Skip to main content
Greenhouse Gases

Greenhouse Gases

What are the Greenhouse Gases?
Greenhouse gases are naturally occurring gases in the atmosphere that have the capacity to absorb long-wave radiation emanating from the Earth's surface. By absorbing this energy and re-radiating it, the gases cause the temperature of the Earth's lower atmosphere and surface to increase. The primary greenhouse gases in earth's atmosphere are

  • Water Vapor (H2O)
  • Carbon Dioxide (CO2)
  • Methane (CH4)
  • Nitrous Oxide (N2O)
  • Fluorinate Gases
Greenhouse gas concentrations are measured in parts per million, parts per billion, and even parts per trillion. Human activities have increased concentrations of all of these gases.
Global Warming Potential
Some greenhouse gases are more effective than others at making the planet warmer and can remain in the atmosphere for different amounts of time, ranging from a few years to thousands of years.
How greenhouse gases warm image
For each greenhouse gas, a Global Warming Potential (GWP) has been calculated to reflect how long it remains in the atmosphere, on average, and how strongly it absorbs energy. The GWP of greenhouse gases is a measure of how much heat each gas traps in the atmosphere relative to Carbon Dioxide.
GHG Atmospheric Concentration Atmospheric Lifetime Global Warming Potential (Over a 100 year period)
Carbon Dioxide (CO2) 76% 1000’s of years 1
Methane (CH4) 16% 10 years 25
Nitrous Oxide (NO2) 6% > 100 years 298
Fluorinated Gases 2% 1,000 - 10,000 years 1,000 -10,000
Carbon Dioxide Equivalent
A single item or activity can cause multiple different greenhouse gases to be emitted, the convention is to sum up the associated contribution of GHGs in terms of Carbon Dioxide Equivalent (CO2e). Carbon dioxide is taken as the gas of reference and given a 100-year GWP of 1. The mass emission of any gas multiplied by its GWP gives the equivalent emission of the gas as carbon dioxide.
Emissions image
Water Vapour
Water vapour is the most abundant greenhouse gas in the atmosphere and is an effective greenhouse gas – it is warmer on a cloudy winter day than on a clear one. When compared to other greenhouse gases, water vapour stays in the atmosphere for a much shorter period of time,  generally stay in the atmosphere for days before precipitating out.
For the most part, the addition of water vapour to the atmosphere cannot be directly attributed to human generated activities.
However, the scientific evidence indicates that the warming caused by man-made emissions of CO2 and other greenhouse gases is increasing the amount of water vapour in the air by boosting the rate of evaporation. As the climate warms, air temperatures rise, leading to more evaporation from water sources which increases atmospheric moisture content. The increase in water vapour in the atmosphere contributes to even more warming. This increased water vapor content in the atmosphere is referred to as a feedback process.
Carbon Dioxide
Carbon dioxide is naturally present in the atmosphere as part of the Earth's carbon cycle and is constantly being exchanged among the atmosphere, ocean, and land surface as it is both produced and absorbed by many microorganisms, plants, and animals.
Coal fireSince the Industrial Revolution anthropogenic emissions has rapidly increased the concentration of CO2 in the atmosphere and accounts for about 76% of human caused greenhouse gas emissions. Once emitted it remains in the atmosphere for a  long period of time; 40% remains after 100 years, 20% after 1000 years and 10% as long as 10,000 years later.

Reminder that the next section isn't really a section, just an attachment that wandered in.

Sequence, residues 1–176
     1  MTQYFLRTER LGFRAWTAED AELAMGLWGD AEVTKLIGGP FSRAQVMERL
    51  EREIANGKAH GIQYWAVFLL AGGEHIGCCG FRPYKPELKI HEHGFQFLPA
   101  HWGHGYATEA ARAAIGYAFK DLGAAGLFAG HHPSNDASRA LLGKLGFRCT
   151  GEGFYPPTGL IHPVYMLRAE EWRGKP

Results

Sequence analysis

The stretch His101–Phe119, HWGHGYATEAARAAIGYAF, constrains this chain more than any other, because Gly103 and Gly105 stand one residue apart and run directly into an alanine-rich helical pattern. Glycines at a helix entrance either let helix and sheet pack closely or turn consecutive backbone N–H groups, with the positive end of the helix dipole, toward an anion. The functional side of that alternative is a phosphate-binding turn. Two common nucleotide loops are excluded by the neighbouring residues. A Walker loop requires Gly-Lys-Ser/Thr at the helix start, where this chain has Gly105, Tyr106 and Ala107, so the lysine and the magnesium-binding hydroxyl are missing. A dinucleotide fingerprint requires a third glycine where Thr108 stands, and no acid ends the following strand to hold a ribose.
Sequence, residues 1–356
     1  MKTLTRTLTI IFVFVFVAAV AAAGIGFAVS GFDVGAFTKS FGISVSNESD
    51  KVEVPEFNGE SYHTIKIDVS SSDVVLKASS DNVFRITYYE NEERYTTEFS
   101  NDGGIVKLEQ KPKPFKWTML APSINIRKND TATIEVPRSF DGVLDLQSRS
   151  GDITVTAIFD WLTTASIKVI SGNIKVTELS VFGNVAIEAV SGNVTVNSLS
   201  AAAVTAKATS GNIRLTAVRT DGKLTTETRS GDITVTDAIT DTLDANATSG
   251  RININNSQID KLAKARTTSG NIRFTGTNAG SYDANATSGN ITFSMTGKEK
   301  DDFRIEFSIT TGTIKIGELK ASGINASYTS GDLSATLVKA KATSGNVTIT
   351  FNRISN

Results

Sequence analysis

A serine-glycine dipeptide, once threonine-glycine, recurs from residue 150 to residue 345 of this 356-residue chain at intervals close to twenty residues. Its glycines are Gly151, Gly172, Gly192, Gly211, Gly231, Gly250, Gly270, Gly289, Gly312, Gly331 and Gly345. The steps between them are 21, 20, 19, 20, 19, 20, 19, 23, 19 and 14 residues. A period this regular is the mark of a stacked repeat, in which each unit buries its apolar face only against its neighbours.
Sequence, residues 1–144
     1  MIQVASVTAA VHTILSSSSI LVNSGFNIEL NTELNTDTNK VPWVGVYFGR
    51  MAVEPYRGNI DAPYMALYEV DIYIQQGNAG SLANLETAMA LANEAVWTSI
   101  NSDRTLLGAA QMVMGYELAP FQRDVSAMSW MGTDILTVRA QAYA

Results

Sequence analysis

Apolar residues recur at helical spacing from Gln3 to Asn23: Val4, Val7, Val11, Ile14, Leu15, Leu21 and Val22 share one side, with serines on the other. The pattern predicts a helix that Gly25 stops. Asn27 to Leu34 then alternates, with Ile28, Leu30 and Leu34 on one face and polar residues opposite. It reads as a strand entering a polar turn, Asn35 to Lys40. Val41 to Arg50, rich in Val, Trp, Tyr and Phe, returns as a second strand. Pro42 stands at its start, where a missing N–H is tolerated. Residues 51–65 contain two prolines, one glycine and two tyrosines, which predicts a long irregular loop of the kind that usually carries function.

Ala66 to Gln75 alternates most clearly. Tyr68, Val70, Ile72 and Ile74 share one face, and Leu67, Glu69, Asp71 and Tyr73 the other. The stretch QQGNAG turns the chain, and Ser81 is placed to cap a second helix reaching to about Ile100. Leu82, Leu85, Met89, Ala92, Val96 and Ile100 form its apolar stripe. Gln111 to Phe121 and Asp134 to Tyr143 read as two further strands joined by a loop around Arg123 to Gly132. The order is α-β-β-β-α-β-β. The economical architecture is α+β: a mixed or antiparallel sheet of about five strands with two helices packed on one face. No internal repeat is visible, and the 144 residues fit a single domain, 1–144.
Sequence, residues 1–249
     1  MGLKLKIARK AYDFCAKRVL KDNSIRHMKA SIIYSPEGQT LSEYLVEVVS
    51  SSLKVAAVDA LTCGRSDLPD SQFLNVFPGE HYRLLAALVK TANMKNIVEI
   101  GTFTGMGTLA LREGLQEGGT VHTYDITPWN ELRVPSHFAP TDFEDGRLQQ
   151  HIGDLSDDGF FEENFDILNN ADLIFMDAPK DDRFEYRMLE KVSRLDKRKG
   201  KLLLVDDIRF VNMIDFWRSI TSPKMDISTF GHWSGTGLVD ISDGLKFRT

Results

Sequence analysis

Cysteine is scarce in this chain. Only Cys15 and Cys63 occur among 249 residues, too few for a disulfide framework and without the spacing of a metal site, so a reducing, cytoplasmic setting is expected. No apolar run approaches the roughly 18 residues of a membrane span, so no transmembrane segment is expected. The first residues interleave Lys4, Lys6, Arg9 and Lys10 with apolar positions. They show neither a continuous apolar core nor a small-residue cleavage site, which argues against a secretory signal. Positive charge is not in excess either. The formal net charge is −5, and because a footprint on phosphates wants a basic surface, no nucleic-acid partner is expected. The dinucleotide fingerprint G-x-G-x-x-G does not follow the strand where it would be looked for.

Carbon dioxide also causes ocean acidification because it dissolves in water to form carbonic acid.
The primary source of atmospheric CO2 is from burning of fossil fuels (oil, natural gasses and coal), solid waste and other biological materials. Changes in landuse also play a role. Deforestation and soil degradation add CO2 to the atmosphere while forest regrowth talks it out of the atmosphere.
The concentration of CO2 in the atmosphere has risen from close to 280ppm (parts per million) in 1800, at first slowly and then progressively faster to a value of 367 ppm in 1999, to approximately 412 ppm today. This represents an increase of more than 47% since the beginning of the industrial age.
Methane (CH4)
Methane accounts for around 16% of the impact of current human greenhouse-gas emissions. A significant source of human-made methane emissions is the production and transport of fossil fuels, such as oil, natural gas and coal. Methane is also emitted from livestock and agriculture practices and from organic waste in landfills. In Ireland, methane is primarily emitted from livestock and as a result of agricultural activities.

Field of cows
Methane doesn't persist in the atmosphere as long as CO2 but is particularly problematic as its impact is 25 times greater than CO2 over a 100-year period, according to the IPCC AR5 Report.
Nitrous Oxide (NO2)
Nitrous oxide account for 6% of human caused greenhouse gas emissions.  It stays in the atmosphere about 114 years on average and has a global warming impact of 298 times that of CO2 on a 100-year time scale.

Car exhaust
It is emitted during the combustion of fossil fuels and from industrial activities and agricultural especially nitrogen-fertilised soils and livestock waste.
In Ireland, transport is the principle source of NO2.
Fluorinated Gases
Fluorinated gases ("F gases") accounts for around 2% of the warming impact of current human greenhouse-gas emissions. F-gases are synthetic- entirely man-made and nearly exclusively result from human activities such as manufacturing and industrial processes.
These gases can be found in different products such as fridges or aerosol cans. While they are not ozone-depleting, they have a long atmospheris lifetime and their Global Warming Potential (GWP) is very high. At the 100 year point of comparison, their GWPs range from 1,000 to 8,000 and some variants top 10,000.